After a tumultuous year, Electric Last Mile Solutions (ELMS) has announced it filed for Chapter 7 bankruptcy under interim CEO Shauna McIntyre. The move comes after an internal scandal and near delisting that decimated investors.
How did the EV startup ELMS wind up underwater? Here are the details of this troubled journey, from insider trading to a funding desert.
Electric Last Mile Solutions files for Chapter 7 bankruptcy.
ELMS announced on Sunday, June 12 it filed for Chapter 7 bankruptcy. The electric vehicle company, focused on commercial vans and utility trucks, has had a tumultuous year since going public in June 2021 via a SPAC. According to McIntyre, the decision to file for bankruptcy proved beneficial for ELMS shareholders compared to other options.
What is Chapter 7 bankruptcy?
Oftentimes, when you hear about a company filing for bankruptcy, it may refer to Chapter 11 bankruptcy which allows the company to reorganize and operate while repaying creditors. Chapter 7 bankruptcy is different.
Chapter 7 bankruptcy requires companies to liquidate and sell most of their assets in order to pay back creditors. In the case of ELMS, this includes shareholders of its still-public, long-floundering stock. Chapter 7, or liquidation bankruptcy, doesn't require a repayment plan.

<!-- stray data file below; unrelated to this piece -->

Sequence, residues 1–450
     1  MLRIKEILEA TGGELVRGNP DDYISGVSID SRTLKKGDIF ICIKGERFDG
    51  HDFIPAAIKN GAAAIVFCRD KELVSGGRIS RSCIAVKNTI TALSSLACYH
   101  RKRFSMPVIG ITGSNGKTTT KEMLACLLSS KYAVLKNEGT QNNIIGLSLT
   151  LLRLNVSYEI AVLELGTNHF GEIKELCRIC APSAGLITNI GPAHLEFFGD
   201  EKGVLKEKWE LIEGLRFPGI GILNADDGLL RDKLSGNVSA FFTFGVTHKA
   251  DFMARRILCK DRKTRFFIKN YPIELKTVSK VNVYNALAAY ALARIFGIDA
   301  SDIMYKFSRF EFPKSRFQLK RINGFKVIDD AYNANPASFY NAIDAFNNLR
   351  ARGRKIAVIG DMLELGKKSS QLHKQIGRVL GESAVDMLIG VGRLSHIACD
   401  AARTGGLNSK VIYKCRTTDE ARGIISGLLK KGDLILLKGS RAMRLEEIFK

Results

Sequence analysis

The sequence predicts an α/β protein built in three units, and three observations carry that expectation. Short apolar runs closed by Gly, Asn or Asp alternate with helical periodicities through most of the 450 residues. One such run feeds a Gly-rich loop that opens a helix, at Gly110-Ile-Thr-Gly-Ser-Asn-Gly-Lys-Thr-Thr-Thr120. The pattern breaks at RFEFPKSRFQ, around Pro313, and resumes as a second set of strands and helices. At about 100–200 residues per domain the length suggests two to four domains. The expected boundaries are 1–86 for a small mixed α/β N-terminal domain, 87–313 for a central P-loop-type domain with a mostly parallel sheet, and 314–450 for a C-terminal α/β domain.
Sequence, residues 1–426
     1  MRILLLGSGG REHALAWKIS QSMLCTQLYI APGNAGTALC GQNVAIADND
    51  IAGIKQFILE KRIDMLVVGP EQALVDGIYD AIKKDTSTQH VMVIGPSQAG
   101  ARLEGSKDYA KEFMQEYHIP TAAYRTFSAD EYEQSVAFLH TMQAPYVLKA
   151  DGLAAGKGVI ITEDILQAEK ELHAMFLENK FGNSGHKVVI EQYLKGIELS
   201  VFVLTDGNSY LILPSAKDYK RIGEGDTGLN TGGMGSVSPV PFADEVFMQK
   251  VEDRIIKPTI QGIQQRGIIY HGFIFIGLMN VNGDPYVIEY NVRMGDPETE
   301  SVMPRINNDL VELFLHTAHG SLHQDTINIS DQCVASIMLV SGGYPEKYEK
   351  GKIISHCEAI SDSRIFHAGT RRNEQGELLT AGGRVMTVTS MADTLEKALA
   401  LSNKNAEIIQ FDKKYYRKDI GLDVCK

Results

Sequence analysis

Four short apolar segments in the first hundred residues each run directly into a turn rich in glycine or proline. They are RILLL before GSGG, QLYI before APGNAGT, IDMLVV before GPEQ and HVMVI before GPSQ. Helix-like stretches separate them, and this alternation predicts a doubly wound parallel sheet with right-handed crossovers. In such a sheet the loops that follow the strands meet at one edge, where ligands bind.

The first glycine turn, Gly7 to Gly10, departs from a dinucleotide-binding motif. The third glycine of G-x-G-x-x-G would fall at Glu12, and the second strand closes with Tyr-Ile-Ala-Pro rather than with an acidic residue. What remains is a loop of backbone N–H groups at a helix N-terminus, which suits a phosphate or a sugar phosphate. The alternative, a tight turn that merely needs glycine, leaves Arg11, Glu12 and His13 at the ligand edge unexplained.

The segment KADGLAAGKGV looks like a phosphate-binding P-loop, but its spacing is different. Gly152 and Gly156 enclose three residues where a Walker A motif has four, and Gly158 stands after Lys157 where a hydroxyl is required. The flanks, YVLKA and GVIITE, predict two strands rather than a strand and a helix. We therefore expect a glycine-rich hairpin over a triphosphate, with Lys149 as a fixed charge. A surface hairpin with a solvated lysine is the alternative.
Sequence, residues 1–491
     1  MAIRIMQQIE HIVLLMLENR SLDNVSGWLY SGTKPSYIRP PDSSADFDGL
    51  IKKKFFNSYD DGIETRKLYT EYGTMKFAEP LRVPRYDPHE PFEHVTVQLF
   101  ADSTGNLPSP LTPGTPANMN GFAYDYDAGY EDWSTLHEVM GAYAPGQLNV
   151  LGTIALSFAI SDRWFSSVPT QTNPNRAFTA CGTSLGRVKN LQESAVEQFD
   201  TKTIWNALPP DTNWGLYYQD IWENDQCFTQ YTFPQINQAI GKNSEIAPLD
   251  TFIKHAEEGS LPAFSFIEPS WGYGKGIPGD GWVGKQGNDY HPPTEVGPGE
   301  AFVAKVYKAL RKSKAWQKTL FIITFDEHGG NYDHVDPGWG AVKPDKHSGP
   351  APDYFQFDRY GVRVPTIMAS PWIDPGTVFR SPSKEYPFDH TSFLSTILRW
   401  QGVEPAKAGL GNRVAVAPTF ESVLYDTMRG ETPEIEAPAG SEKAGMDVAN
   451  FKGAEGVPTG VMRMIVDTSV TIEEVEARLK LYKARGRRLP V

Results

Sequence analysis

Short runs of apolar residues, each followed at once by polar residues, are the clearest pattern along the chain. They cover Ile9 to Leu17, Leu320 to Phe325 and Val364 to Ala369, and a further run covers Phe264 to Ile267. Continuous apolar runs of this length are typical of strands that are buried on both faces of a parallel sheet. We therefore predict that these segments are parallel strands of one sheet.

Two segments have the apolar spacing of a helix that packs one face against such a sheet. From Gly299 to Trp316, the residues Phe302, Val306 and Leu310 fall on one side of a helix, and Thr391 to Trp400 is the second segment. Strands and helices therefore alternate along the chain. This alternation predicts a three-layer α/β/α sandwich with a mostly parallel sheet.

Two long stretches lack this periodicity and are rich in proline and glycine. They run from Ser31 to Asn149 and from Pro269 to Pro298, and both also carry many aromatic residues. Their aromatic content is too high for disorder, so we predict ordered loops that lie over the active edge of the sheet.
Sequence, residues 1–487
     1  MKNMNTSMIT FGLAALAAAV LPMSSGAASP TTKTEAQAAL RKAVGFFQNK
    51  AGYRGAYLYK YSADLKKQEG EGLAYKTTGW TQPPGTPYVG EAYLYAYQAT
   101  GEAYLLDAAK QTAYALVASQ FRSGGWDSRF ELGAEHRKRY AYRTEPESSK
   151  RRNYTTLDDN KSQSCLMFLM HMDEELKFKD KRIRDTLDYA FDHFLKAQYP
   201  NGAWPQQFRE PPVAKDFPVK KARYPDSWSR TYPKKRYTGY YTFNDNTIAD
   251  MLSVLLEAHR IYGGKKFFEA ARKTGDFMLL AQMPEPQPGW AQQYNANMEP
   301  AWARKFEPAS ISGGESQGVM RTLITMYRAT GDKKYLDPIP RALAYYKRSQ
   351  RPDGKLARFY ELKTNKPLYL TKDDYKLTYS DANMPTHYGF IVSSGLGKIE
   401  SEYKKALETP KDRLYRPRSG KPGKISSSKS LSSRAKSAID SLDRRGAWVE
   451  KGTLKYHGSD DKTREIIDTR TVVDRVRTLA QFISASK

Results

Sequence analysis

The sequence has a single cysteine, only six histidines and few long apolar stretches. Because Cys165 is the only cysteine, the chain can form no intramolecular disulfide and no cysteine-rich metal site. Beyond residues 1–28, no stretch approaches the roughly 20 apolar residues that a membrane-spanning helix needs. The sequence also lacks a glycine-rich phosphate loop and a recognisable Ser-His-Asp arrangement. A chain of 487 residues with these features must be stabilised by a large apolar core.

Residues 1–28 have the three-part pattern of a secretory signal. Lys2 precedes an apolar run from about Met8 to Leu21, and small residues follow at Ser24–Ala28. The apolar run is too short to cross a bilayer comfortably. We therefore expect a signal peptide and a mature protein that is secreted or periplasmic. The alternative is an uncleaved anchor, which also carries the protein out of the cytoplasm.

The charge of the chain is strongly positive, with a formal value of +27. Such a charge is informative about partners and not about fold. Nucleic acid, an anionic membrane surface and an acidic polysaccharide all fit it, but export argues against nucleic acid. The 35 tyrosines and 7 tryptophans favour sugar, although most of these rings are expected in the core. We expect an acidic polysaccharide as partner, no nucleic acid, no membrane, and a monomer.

The relatively short road: How ELMS got here
ELMS went public via a SPAC at around $10 per share nearly one year ago. The stock has since lost more than 98 percent of its value, with an approximately 65-percent jump off a cliff occurring on July 13 in response to the bankruptcy news.
Founder and former chairman Jason Luo and former CEO Jim Taylor were in executive roles in February 2022 when an internal investigation revealed controversial information about them. According to the probe, Luo and Taylor purchased ELMS stock on insider information just before announcing the ELMS SPAC in December 2020. The former executives also never received an independent appraisal of their shares at the time of purchase.
Luo and Taylor voluntarily stepped down and interim executives stepped into their place. However, the controversy made it difficult for ELMS to secure funding and the situation got worse. ELMS stock continued to decline and it weaved in and out of delisting territory for about two months (trading below the $1.00 mark, which the Nasdaq Exchange has the power to delist a company for after 30 consecutive days).
Meanwhile, the SEC began its own investigation, making ELMS even less attractive to potential investors. The company has laid off at least 24 percent of its workforce as new information comes to fruition.
Each one of these controversies has slimmed the startup’s chance of survival. ELMS wrote in a statement, “The compound effect of these events, along with a pending SEC investigation initiated this year, made it extremely challenging to secure a new auditor and attract additional funding.”
ELMS is a special circumstance. However, as Electric Last Mile Solutions proceeds with Chapter 7 bankruptcy, the market is giving investors with a grim reminder that startup SPACs, especially those in industries that take years to profit, are historically disappointing.